At that point the darker me threw up his hands in disgust, and walked off. But, he’ll be back. He always comes back (thankfully though I just use him as fodder for my next rant and rave and consequently look forward to his visits).

Sunday, January 07, 2007

Marble's Mercury Madness Meltdown Remix Edition

Back in 1984 a revolutionary arcade game was released. Using a trackball, players were required to roll a marble through various levels, attempting not to fall off a ledge, end up in acid, or get eaten by weird green things. Wow, was it fun. It was a short game, only six levels, and despite playing for weeks on end I never beat the uphill level. Seriously, it was hard. In fact, the whole thing was sheer madness and that’s probably where the name came from: Marble Madness.

Over the years various emulations and re-releases have been issued; it was even packaged in Midway Arcade Treasures, which appeared as late as the PS2 generation of game systems (though that port didn’t use a trackball). An article on Wikipedia states that there is hope that due to its motion-sensing controllers the game will (or ought to) appear on the Nintendo Wii. Even if Marble Madness doesn’t appear on the Wii, fans will probably be okay as a version Mercury Meltdown, this one titled Mercury Meltdown Revolution, will appear.

Mercury Meltdown Remix, the PS2 version of the game, is a wonderfully fun update of Marble Madness (though, to be clear, it is in no way an official update, it’s just an incredibly similar concept done for the current generation of video game machines). Even the box art for Mercury Meltdown Remix makes it appear as though the player controls a marble ball, as in Marble Madness, and the background used is Marble Madness-esque.

The game plays out in a similar fashion: a blob of mercury must be conducted from a starting point to an ending point on a level, all the while negotiating a series of traps and not falling off the board. The most significant changes from Marble Madness are that rather than the object in question being a ball it is a blob that can break into smaller blobs, and that it is the board that tilts in order to move the piece rather than the player rolling the marble.

And guess what? The game forces me to gnash my teeth, pull my hair, and have just as much fun as I ever did playing Marble Madness. It is easy enough figuring out how to tilt the board using the controller, and how tilting the board will move the blob of mercury, but that in no way makes it easy to force the mercury to do what you want it to do or go where you want it to go.

Mercury Meltdown Remix has far more levels than Marble Madness, and they are arranged into various “labs,” which as far as I can tell really just denote the type of traps the player will have to bypass and a rapid rise in difficulty. There are bonus levels too, but the main “bonus” in them seems to be the complete and utter impossibility of ever, ever beating them.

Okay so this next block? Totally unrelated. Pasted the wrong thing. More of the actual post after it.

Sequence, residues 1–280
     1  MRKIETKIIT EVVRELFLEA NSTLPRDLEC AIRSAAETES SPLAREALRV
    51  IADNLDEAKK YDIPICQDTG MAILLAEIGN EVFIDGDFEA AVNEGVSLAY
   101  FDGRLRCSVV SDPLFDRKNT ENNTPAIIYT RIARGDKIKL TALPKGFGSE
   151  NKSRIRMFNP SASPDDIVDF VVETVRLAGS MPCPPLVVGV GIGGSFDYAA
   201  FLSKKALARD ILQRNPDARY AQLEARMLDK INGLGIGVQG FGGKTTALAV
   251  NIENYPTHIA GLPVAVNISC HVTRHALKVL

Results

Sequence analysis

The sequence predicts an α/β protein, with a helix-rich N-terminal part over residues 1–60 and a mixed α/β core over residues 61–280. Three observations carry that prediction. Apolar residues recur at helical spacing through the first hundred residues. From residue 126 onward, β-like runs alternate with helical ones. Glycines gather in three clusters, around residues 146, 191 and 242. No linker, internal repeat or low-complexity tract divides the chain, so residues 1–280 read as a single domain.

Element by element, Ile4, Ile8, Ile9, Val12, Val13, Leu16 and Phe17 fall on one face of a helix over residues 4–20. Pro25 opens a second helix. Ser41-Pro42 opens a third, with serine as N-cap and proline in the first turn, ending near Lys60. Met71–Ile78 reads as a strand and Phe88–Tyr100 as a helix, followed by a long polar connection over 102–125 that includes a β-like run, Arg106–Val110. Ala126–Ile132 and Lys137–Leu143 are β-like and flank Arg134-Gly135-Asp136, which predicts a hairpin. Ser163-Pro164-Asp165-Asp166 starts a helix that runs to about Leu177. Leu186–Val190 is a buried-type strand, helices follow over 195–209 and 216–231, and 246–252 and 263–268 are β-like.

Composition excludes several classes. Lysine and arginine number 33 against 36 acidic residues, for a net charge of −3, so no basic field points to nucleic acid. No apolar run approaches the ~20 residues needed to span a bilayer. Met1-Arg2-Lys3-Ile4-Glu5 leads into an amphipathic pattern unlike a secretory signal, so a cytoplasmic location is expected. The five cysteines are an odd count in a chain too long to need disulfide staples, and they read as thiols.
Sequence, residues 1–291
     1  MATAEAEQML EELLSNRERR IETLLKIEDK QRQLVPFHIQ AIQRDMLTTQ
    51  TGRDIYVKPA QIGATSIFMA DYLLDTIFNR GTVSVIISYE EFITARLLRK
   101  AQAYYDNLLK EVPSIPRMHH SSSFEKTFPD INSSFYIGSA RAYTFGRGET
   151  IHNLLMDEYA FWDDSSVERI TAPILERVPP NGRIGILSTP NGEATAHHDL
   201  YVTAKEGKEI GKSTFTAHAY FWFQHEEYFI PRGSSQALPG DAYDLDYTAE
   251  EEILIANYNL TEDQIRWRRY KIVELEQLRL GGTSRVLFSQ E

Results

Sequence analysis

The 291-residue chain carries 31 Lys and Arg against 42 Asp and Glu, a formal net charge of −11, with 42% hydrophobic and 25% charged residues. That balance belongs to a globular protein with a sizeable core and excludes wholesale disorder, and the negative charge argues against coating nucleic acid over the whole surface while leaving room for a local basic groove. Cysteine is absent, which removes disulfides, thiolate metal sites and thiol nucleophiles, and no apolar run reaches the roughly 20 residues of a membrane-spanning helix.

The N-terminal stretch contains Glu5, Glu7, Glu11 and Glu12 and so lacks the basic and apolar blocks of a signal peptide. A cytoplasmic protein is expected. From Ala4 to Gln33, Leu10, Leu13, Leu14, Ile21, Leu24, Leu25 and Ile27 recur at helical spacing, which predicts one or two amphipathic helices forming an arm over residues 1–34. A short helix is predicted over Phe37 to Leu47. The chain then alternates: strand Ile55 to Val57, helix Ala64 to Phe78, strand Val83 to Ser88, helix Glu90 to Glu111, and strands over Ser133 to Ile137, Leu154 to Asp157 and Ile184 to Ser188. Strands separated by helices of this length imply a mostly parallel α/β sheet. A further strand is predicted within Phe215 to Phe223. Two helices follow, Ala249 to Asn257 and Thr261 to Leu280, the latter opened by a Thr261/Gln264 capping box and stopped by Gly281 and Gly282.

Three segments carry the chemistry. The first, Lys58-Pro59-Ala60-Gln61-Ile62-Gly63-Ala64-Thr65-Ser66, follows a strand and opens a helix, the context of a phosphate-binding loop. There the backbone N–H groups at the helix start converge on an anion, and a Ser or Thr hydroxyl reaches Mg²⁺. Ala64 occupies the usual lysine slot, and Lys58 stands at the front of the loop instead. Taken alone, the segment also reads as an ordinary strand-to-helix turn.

As stated above, one of the main differences in this game versus Marble Madness is the ability of the mercury to break into smaller blobs. This allows for many different possibilities to play out in the game. First off, the requirement is not just that the player bring the mercury to the finish point, but that a certain quantity of mercury must survive (some mercury can fall off the edge of the game board, and points are determined by how much mercury survives). Additionally, the mercury pieces can be changed into various different colors (by putting them under different machines), so that should the mercury need to be purple to pass through a given gate, the mercury can be divided into two globules which can be turned blue and red respectively and then recombined in order to pass through the gate (red and blue make purple).

The gameplay is truly deceptively simple and provides enjoyment for both young and old. The puzzles that have to be solved to move the mercury from one end of the game board to another take little time to understand, but far longer to master. And, despite that, rarely does the game prove unbeatable or overly frustrating.

The graphics used in Mercury Meltdown Remix are nothing special; they truly do seem just like an updated version of Marble Madness, but they work for what the game is. This is a puzzle game that presents itself as somewhat visually stimulating but in no way requires top of the line graphics in order to lay out its puzzle. In fact, such graphics might prove detrimental to the game as a whole, serving solely to pull the player away from the game play itself.

There are “party” games included as well, some of which have to be unlocked via playing the levels, but as the game is a one-player affair (even the party ones), there’s not truly much “party” to be had.

Still though, if you fondly recall the days of Marble Madness, or enjoy puzzle games, Mercury Meltdown is more than worth your time.

Mercury Meltdown Remix is rated E for Everyone by the ESRB.

Four stars.

Saturday, January 06, 2007

Nova scienceNOW Does a Story on Getting the Shaft

Nova scienceNOW is an undeniably likable show.  The host, Neil deGrasse Tyson is fun, warm, and knowledgeable; and the show itself educates as well as entertains.  It manages to walk to careful line between overly simplified and overly in-depth seemingly with ease.